Virus hit fewer machines, did more damage

Experts say earlier viruses like Melissa were more widespread, but less harmful to computer networks than the latest, Worm.ExploreZip

2 min read
Antivirus experts say that although the Worm.ExploreZip worm penetrated fewer machines than earlier viruses, it did far more damage to its victims.

"To those who were hit, files were destroyed, it spread through many computers on a network, and a lot of time was spent addressing the problem and trying to recover files," said Mark Zajicek of the Computer Emergency Response Team based at Carnegie Mellon University.

CERT, which tracks hacker attacks and other security incidents on the Internet, has had at least 40 confirmed reports of infections by the Worm.ExploreZip virus since it was detected last week.

Joe Wells, who runs the Wildlist organization that publishes a list of viruses that spread "in the wild," meaning outside of a computer lab, agreed with the CERT assessment.

"It is not as widespread and it didn't spread as quickly as Melissa, but it's a lot worse," said Wells, referring to the Melissa virus that was spread, like Worm.ExploreZip, via email earlier this year. Still, he said, Worm.ExploreZip spread faster than any other virus except Melissa, boosted by the increasing use of email, both by individuals and companies.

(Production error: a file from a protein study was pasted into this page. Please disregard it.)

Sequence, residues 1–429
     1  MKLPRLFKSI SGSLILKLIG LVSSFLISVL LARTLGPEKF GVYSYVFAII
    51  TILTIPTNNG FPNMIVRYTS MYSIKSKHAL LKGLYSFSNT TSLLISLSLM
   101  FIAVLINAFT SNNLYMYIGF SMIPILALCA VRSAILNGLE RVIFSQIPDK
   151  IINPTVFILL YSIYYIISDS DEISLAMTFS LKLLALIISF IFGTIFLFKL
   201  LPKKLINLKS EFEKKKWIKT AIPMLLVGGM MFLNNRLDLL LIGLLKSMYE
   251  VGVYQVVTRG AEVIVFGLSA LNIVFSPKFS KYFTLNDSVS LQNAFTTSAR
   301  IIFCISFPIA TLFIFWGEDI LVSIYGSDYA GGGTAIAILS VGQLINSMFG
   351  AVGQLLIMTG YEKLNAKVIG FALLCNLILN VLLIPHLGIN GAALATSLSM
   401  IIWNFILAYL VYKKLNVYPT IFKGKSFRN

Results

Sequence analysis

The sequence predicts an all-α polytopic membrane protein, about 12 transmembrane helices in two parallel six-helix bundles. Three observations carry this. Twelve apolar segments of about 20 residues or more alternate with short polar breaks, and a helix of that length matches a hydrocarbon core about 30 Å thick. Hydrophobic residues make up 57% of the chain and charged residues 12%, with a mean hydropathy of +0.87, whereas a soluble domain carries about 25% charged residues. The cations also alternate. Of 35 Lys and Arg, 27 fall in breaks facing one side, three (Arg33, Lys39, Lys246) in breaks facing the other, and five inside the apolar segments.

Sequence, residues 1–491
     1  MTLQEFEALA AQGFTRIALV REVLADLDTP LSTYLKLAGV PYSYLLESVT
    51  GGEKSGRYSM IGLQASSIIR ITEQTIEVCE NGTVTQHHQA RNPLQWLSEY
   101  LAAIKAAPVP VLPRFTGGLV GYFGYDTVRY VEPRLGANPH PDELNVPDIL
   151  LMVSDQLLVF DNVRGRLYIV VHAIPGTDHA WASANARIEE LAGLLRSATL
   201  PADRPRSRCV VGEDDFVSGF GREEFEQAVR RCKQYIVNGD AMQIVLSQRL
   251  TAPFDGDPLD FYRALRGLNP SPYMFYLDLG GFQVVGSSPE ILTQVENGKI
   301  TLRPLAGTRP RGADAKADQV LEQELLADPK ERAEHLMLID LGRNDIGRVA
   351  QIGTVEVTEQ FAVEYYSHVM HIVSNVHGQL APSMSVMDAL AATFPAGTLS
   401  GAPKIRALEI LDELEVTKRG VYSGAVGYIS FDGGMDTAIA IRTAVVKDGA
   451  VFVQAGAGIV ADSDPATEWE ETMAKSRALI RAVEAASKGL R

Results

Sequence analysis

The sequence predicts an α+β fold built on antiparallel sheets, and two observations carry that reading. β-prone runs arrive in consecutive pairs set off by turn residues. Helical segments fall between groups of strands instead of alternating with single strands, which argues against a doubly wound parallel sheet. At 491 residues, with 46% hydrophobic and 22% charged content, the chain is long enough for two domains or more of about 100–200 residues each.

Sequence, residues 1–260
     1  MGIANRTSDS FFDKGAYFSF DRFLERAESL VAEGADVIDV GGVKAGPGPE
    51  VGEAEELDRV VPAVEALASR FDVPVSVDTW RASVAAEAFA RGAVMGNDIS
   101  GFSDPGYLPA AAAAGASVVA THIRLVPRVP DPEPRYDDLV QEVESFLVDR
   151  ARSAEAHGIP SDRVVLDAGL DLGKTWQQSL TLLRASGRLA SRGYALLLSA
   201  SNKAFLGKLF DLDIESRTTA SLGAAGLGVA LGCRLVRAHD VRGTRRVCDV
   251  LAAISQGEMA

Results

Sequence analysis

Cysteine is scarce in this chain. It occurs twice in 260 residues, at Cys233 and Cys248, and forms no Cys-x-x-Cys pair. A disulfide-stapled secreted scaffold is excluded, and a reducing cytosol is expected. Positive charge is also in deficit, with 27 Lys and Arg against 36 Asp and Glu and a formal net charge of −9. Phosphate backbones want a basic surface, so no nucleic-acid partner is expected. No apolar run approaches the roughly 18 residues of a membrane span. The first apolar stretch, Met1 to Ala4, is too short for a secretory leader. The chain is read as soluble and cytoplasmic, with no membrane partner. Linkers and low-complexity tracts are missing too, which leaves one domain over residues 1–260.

Worm.ExploreZip is considered worse than Melissa because the latest worm destroys data on a user's machine. Though Melissa triggered a flood of outgoing email that potentially overwhelming email servers, it didn't destroy data.

Although several people have posted software utilities to recover lost data, Dan Shrader of antivirus firm Trend Micro, said his firm has tested three that he said do not work. To retrieve old files, most companies are resorting to back-up tapes, Wells said.

Experts have found one aspect of the Worm.ExploreZip infection is worse than originally expected. Instead of spreading solely by email, it can in some cases move over the local area networks (LANs) common in many offices. That occurs if an infected machine has access to data on another machine's hard drive using a "share" function.

"The ability to travel across LANs meant that if one person got it, it probably hit two or three other computers," said Roger Thompson, technical director of malicious code research at computer security trade group ICSA. "That probably hurt any organization that was hit and caused quite a bit of pain."

Thompson worries that the pace and seriousness of virus attacks is escalating rapidly. He cites three major new viruses since January--Worm.ExploreZip, Melissa, and Happy99--and a fourth virus, CIH or Chernobyl, that has existed for about a year but inflicted real damage this spring, particularly in Asia.

"The bad guys have caught on that they can do blitzkrieg efforts," said Thompson. "It's a fearsome specter, a virus that can spread as quickly as Melissa with a nasty payload like Worm.ExploreZip."